The Shocking Reason Why Some of the Most Dangerous Drivers Keep Their Licenses
A new short form documentary from the Boston Globe exposes how a loophole in the national driver's license compact is keeping drivers who have killed on U.S. roads.
An unknown number of U.S. drivers who have lost their licenses in one state are being allowed to keep them another, thanks to a little-known bureaucratic loophole, a new documentary reveals.
In the short-form documentary Blind Spot and accompanying written coverage, a team of investigative journalists at the Boston Globe explored the heartbreaking stories of a family who lost three loved ones — and one man who lost the use of a limb — to collisions with drivers whose licenses had been revoked for heinous crimes like excessive speeding and driving under the influence of alcohol or drugs.
But because those drivers either 1) lived in, or 2) committed traffic crimes in states that decline to participate in the Interstate Driver’s License Compact, they were allowed to easily re-apply for licenses and legally return to the road, where they quickly claimed the lives of other road users.
One of the killer drivers profiled in the documentary, Timothy Vandervere, had his Illinois-issued license revoked by Wisconsin police following a long string of convictions for dangerous driving in the neighboring state — but because Wisconsin opted not to communicate the news to the Illinois department of motor vehicles, the Land of Lincoln allowed him to renew his license multiple times before he killed three members of the Rizzo family while traveling 100 miles per hour with a blood alcohol level four times the legal limit.
The other driver, commercial truck driver Volodymyr Zhukovskyy, had been cited three times in less than two months in both Texas and Connecticut for driving under the influence of drugs like Fentanyl — but he stayed behind the wheel because his license was issued in Massachusetts, which does not participate in the record-sharing agreement. He killed seven motorcyclists in a New Hampshire crash shortly thereafter.
But Vandervere and Zhukovskyy are certainly not the only dangerous drivers who the bureaucratic loophole have allowed to become killers. The Globe identified seven other victims of dangerous drivers who stayed on the road despite out-of-state license revocations, and noted that “there are unquestionably many more, but restrictive state rules on access to driver data make compiling a true tally almost impossible.” In addition to Wisconsin and Massachusetts, departments of transportation in Georgia, Michigan and Tennessee have also chosen not to communicate with other states — and no federal law compels them to do so.
It’s not clear why those five states elected to endanger its (and other states’) road users, but some of the documentary’s interviewees inferred it was a matter of money, bureaucratic inefficiency, and lack of federal oversight.
“We do not have a federally mandated or resourced system for states to exchange information about problem drivers,” said Stephanie Pollack, secretary and CEO of the Massachusetts Department of Transportation, which is spearheading an effort to make the state’s drivers’ records more accurate. “I don’t know about legally, but morally, yes — I feel responsible for the motorcyclists who were killed in New Hampshire [by Zhukovskyy.]”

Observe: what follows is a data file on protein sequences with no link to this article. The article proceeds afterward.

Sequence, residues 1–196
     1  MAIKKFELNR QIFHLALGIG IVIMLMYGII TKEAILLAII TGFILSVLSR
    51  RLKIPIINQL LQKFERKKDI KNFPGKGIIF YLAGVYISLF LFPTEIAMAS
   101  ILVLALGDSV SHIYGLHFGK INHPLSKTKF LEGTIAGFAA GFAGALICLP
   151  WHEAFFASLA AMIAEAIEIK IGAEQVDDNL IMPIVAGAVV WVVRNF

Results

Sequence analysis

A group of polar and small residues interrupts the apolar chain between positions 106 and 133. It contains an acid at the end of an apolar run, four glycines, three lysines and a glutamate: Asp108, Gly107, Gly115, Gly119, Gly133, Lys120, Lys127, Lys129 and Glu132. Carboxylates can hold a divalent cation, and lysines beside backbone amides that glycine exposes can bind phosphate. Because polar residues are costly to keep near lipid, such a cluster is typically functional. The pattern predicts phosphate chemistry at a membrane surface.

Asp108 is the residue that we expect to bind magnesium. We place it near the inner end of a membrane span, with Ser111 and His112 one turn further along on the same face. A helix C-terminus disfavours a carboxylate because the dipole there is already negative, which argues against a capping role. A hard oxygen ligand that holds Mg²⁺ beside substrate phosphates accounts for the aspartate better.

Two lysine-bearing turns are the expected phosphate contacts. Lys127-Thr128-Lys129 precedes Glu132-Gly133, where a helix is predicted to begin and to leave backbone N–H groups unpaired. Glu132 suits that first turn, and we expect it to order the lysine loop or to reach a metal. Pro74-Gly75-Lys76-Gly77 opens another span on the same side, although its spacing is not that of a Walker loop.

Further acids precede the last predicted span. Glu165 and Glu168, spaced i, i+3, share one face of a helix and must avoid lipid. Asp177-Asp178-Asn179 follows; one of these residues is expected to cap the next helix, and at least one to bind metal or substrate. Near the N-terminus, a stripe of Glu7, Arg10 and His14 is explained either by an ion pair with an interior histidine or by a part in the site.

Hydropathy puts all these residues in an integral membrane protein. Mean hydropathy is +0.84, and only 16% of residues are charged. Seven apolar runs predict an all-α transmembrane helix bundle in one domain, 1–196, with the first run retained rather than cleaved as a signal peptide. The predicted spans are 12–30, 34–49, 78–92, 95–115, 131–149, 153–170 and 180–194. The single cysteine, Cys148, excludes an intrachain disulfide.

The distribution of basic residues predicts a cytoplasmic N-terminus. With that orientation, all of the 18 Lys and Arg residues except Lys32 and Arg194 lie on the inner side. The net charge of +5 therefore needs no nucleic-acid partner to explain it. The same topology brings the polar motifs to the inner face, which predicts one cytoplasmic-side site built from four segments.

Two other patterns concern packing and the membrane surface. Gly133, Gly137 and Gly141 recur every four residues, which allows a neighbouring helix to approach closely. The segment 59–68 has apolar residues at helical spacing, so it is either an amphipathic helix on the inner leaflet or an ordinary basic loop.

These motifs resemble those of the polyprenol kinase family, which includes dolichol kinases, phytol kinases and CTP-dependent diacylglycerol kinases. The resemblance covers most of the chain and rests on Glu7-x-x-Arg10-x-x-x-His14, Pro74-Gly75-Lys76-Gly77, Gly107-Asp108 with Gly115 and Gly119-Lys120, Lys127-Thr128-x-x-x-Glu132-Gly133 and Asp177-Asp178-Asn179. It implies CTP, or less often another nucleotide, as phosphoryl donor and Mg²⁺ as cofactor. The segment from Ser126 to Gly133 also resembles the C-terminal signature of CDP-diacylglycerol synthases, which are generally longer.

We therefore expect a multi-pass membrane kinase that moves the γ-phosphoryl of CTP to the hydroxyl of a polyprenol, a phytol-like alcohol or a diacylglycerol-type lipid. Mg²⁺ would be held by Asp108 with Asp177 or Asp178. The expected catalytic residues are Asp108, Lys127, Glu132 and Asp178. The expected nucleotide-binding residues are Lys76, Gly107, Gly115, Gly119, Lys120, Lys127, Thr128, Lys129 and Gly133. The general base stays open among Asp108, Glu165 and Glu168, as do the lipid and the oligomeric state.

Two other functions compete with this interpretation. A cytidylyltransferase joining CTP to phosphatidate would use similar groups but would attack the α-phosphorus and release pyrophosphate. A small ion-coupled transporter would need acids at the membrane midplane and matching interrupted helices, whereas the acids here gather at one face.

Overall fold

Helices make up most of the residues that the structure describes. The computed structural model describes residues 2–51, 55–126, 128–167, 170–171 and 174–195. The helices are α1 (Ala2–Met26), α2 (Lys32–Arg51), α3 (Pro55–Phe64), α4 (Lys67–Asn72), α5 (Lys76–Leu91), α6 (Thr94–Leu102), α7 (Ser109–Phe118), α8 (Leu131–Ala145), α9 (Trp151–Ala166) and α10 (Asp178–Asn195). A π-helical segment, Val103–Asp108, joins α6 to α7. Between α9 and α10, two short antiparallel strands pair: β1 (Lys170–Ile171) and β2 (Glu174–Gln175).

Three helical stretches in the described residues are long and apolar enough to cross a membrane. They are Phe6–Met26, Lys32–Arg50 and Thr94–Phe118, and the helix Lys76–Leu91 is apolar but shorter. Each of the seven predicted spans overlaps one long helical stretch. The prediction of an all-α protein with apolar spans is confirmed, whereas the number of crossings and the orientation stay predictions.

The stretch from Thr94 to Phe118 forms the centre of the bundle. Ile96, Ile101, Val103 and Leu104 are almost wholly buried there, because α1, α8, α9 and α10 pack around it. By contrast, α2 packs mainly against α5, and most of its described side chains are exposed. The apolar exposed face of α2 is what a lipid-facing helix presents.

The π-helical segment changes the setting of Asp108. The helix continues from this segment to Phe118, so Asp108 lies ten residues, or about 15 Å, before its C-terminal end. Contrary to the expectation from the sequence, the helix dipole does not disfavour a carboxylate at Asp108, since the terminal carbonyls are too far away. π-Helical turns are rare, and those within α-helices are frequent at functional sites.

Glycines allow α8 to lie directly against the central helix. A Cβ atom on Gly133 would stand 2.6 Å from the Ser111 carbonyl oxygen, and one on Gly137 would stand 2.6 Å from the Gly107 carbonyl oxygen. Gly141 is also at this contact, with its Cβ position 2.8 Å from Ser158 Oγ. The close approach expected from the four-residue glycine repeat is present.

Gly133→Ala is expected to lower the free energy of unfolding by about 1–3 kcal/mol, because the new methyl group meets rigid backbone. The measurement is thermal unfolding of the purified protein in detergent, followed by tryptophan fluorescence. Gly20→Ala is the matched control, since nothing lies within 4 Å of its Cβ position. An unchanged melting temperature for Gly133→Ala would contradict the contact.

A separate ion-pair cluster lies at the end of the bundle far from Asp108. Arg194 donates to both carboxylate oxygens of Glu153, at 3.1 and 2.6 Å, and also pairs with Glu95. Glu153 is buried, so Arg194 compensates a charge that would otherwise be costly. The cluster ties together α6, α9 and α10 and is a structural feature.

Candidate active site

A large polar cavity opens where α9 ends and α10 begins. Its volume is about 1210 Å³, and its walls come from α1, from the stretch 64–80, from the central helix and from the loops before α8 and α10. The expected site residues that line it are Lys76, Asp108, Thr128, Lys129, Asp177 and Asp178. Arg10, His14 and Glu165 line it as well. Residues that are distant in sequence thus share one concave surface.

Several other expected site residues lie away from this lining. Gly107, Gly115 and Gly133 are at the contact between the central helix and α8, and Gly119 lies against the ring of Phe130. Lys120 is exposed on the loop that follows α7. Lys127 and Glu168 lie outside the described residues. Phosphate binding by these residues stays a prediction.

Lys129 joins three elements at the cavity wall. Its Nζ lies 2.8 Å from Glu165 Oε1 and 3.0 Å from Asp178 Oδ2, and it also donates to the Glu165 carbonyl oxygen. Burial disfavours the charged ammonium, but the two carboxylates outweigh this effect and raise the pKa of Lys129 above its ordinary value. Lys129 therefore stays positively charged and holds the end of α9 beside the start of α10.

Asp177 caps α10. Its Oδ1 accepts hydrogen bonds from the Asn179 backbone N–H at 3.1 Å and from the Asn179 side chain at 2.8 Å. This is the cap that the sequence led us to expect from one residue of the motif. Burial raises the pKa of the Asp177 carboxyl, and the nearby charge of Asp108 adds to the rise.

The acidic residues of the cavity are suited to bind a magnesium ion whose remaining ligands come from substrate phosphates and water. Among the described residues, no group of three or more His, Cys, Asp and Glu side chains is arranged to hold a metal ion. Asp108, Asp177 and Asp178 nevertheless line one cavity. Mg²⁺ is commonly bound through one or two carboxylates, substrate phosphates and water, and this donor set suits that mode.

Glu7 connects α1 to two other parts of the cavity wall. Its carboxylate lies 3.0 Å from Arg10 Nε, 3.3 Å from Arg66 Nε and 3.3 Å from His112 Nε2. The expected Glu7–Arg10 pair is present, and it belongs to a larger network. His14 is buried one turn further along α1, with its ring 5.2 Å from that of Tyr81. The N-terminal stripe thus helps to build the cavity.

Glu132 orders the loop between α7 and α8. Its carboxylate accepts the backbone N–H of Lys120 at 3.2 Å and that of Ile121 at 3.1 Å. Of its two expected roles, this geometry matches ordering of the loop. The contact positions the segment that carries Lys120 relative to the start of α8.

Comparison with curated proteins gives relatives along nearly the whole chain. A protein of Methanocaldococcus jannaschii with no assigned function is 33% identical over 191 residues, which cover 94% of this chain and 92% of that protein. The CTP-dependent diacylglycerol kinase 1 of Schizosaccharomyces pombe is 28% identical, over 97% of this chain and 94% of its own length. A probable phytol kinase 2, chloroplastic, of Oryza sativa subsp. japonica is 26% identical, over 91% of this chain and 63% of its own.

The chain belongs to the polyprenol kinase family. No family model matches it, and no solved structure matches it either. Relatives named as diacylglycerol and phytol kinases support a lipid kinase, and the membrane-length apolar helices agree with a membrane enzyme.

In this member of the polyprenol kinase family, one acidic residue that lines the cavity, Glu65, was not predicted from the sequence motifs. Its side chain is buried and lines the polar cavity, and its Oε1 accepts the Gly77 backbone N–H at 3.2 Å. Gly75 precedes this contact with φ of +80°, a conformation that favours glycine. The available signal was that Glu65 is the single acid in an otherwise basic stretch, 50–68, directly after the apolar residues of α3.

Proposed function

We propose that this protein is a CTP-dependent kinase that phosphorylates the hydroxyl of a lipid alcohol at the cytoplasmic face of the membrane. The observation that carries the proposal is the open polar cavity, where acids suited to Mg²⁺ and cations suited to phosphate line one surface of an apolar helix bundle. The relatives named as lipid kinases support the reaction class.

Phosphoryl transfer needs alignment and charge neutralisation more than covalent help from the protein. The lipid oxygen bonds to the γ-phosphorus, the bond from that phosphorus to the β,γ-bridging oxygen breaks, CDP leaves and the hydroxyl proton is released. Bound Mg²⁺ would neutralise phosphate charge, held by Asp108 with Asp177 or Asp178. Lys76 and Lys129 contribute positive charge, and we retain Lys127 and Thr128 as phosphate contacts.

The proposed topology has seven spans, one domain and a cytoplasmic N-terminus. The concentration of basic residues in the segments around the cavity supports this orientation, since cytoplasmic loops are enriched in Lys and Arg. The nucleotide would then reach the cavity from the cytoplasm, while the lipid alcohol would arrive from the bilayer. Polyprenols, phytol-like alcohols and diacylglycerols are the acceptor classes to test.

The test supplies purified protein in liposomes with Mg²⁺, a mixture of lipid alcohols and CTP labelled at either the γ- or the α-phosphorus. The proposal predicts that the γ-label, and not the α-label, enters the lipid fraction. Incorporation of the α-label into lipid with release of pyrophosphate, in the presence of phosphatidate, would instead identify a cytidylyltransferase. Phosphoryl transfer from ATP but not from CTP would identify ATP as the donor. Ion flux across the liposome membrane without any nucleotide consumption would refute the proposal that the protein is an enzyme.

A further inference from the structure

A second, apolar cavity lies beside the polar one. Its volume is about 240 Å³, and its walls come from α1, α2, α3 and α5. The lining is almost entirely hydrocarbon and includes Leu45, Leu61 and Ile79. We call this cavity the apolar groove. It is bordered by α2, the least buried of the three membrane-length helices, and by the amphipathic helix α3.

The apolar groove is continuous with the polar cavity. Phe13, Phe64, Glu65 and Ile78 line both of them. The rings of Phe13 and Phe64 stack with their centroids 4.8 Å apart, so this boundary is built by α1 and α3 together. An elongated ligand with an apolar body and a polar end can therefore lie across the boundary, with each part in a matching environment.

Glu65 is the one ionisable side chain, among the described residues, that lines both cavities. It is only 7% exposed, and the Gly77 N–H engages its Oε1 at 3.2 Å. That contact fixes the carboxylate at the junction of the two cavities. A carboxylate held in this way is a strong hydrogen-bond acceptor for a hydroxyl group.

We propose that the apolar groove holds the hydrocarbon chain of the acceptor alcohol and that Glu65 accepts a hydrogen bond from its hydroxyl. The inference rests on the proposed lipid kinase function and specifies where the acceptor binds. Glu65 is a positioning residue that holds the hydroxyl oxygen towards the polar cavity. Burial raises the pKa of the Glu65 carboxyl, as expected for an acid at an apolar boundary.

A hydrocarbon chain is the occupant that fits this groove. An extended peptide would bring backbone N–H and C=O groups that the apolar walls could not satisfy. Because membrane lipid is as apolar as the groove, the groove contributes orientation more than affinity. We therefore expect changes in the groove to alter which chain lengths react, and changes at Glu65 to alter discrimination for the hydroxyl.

But even states that do participate in the national compact may not have accurate records of their drivers’ dangerous past behavior.
The Globe’s investigation found that 13 states and the District of Columbia have accumulated dangerous backlogs of unrecorded out-of-state offenses, notices of which are usually delivered using the struggling U.S. postal service rather than over email or other forms of secure digital communication, and then input manually. Seven states in the interstate compact, including California, Arizona, New Hampshire, and Rhode Island, have attempted to save time by simply not sending notices about infractions committed by drivers from outside the state — though they do accept notices of infractions committed by their drivers in other states, and can technically still claim participation in the compact.
And then there’s the perennial issue of the stark differences between states’ motor vehicle laws, which can result in even more incomplete records for dangerous drivers. If a driver from St. Louis, Mo., for instance, gets a citation for using her cell phone while driving across the river in the unrelated city of East St. Louis, Ill., it will be recorded on her Illinois state driving record — but not on her Missouri record, because her home state has no law against handheld cellphones for drivers.
Add it all up, and as many as one in 10 drivers may have been cited for a dangerous driving offense that isn’t listed on their official records in their home states, the Globe estimates.
Still, advocates are hopeful that these ridiculous loopholes could be closed with strong federal standards — at least for the most dangerous drivers.
“If your license was taken from you in one state, it should be taken from you in every state,” said Jim Moran, a former member of Congress from Virginia who attempted to pass federal licensing reforms during his time in office. “There shouldn’t be a loophole. You should be held accountable for your actions.”
The Globe promises to give supporters of reform more data on the problem in a follow-up story soon, which will focus on the unique impacts of the Interstate Drivers License Compact’s failures on the commercial trucking industry.